• find that length. A plumb line from the fingertips lines up with the edge of the pinky of the

  • other hand. And the elbow lines up with the point directly in the middle of the chest.

  • It's nice when things relate with whole numbers. But, sometimes you'll need to take your best

  • guess at "a little bit less than 2". And then check it with other relationships.

  • Negative Shapes

  • Another trick to find accurate shapes is to look at the negative shapes. A negative shape

  • is the space around or between the subject. It’s the background. The shape here between

  • the thighs is a triangular shape. This shape is easier for us judge then the shapes of

  • the thighs themselves because we have less preconceived opinions about what that shape

  • should look like. So, we are more likely to make an unbiased evaluation of the negative

  • shapes.

  • Trust Your Eyes

  • If something looks wrong, then it's wrong, no matter how many times you measured it.

  • The mistake might be between a relationship you didn't measure or the small margins of

  • error in the measuring compounded to make a significant mistake. Being a millimeter

  • off while holding the pencil up, can add up to inches in your drawing. So, measuring will

  • get you close, but its much more important to develop your eye to see relationships without

  • a ruler. Your eye can be a much better tool than a ruler. The way to develop this is to

  • do a lot of careful drawings focusing on getting accurate proportions. When you practice these

  • exercises, it’s important to have a feedback loop. Either have someone with a trained eye

  • to check your drawing or have a method to check it yourself.

  • In the premium section I introduce two methods of practicing and checking yourself.

  • Details

  • Now that all the major shapes are in place, it’s safe to focus on the smaller parts

  • and add the more subtle plane changes along the contours and within the forms.

  • What about Gesture?

  • This episode has been about capturing accuracy. But how important is accuracy? That’s up

  • for debate of course.. I don’t think the answer is the same for everyone. How much

  • do you want to change your reference? How important is it that you capture the exact

  • likeness of the subject? Or is it more important to capture the feeling in an expressive way?

  • There’s a balance to this and that’s partly what determines your style.

  • In the early stages of your learning process focus on complete accuracy. Make it as perfect

  • as possible to tune your eye and to develop the ability to draw accurately. Don’t choose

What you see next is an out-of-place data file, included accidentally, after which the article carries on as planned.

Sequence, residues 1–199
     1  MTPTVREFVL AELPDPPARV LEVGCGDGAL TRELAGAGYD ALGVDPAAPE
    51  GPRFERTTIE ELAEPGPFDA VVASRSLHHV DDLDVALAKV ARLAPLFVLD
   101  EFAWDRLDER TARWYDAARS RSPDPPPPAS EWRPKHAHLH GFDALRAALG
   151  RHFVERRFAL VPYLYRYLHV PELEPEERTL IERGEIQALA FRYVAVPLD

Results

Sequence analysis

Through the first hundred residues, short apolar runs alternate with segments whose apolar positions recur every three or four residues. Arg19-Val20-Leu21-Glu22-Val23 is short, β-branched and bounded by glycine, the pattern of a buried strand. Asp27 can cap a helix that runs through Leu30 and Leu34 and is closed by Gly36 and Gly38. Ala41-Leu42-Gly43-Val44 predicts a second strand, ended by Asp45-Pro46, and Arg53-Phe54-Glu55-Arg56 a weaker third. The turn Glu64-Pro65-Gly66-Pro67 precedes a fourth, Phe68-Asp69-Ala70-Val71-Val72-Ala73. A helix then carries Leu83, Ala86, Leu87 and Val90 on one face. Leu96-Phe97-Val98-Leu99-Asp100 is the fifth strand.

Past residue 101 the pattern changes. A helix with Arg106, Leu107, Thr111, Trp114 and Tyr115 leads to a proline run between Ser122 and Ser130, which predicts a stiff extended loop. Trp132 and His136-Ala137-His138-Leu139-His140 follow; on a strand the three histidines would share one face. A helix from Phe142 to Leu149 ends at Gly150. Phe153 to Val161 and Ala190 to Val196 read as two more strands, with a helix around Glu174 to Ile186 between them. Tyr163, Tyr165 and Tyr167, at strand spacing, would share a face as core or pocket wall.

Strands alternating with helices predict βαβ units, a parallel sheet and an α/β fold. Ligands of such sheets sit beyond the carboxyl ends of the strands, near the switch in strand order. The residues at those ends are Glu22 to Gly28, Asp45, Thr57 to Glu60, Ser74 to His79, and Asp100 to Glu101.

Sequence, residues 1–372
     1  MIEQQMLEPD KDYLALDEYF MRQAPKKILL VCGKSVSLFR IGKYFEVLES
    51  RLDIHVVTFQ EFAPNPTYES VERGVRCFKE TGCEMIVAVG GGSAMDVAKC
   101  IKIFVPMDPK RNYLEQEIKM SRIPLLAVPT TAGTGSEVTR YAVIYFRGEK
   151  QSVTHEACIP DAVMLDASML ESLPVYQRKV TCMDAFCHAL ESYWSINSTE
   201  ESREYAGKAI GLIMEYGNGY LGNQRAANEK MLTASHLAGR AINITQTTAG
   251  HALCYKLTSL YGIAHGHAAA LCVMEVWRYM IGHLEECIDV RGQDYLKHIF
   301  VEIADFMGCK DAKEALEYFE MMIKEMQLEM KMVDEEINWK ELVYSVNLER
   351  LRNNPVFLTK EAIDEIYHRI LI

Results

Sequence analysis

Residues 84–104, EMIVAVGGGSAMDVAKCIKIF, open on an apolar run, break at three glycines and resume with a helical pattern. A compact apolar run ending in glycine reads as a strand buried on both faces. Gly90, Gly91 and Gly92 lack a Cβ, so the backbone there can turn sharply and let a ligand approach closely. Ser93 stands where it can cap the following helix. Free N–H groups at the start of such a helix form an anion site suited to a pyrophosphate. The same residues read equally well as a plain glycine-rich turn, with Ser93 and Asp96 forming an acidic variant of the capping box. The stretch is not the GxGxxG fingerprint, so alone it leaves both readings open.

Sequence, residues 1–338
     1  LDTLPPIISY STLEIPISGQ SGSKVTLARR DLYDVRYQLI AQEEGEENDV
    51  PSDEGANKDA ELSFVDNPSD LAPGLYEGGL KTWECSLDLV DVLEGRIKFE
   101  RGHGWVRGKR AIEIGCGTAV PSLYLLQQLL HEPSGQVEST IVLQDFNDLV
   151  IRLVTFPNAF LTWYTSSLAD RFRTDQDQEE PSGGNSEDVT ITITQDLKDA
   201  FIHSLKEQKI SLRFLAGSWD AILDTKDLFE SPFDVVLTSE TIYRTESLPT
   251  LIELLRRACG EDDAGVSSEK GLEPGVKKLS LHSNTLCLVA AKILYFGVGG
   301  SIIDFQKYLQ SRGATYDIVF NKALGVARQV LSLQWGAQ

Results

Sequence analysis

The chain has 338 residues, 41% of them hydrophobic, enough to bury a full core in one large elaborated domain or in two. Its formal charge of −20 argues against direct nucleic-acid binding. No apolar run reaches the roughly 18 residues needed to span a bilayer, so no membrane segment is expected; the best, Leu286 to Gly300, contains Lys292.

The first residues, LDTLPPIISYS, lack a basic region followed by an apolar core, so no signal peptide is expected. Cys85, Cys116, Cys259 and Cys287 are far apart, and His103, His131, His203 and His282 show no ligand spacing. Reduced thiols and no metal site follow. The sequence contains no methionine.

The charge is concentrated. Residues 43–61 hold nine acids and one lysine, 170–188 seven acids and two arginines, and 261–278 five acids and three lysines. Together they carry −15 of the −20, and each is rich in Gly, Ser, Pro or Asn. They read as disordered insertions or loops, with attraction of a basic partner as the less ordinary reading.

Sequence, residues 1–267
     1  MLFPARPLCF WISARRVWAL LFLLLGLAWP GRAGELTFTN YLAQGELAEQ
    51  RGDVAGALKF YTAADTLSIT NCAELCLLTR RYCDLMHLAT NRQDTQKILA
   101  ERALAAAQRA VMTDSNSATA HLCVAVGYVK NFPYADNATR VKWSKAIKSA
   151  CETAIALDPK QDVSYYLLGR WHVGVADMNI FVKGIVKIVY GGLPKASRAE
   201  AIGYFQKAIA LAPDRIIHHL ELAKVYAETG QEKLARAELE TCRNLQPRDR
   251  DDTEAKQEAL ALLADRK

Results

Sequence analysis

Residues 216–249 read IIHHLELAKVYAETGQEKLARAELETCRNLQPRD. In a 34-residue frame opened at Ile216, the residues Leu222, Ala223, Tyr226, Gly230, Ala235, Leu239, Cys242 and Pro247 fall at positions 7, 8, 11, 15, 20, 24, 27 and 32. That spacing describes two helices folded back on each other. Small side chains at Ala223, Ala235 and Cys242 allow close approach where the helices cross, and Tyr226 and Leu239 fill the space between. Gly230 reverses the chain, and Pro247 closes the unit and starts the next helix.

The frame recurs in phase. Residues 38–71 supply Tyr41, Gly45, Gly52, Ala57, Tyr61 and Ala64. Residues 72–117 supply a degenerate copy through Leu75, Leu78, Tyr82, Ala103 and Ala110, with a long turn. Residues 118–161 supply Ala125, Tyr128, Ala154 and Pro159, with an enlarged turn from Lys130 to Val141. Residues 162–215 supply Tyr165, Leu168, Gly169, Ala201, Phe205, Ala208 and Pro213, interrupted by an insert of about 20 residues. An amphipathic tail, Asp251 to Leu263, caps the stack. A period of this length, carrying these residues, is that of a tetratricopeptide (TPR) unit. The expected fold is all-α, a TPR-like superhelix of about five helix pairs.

• to be more expressive simply because youre not capable of accuracy yet. Expand your abilities

  • so that you have the choice. Lean towards accuracy when the job requires it and lean

  • towards expression when the artwork calls for it.

  • For practice, start by separating the two concepts

  • 1. Do longer careful drawings focusing on getting accurate proportions

  • 2. And do shorter sketches focusing on gesture

  • Eventually the two will mold together and be part of your thought process. Ultimately

  • during each stroke you will be making subconscious decisions considering both accuracy and expression.

  • In the next video I’ll show you how to use these principles in an actual figure drawing.

  • I’ll take you step by step through the whole process. This video is available in the Premium

  • Section. I also show you 2 methods of practicing measuring and checking yourself. So if youre

  • interested in seeing that and the rest of the Figure Drawing Fundamentals Course, check

  • out proko.com/figure. The Full course has extended versions and a lot of examples from

  • the lessons like, gesture, structure, bean, robo bean, mannequinization, balance, exaggeration,

  • proportion, measuring and shading. A lot of information and it’s very affordable. Proko.com/figure.

  • Credits

  • If you like this video, share the wealth, tell your friends. Post it on your favorite

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  • to be updated about new videos. Buh Bye!

The first and most important part of a figure drawing is the layin. Without a good layin

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B1 中級

図面の測定技術 (Drawing Measuring Techniques)

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    vulvul に公開 2021 年 01 月 14 日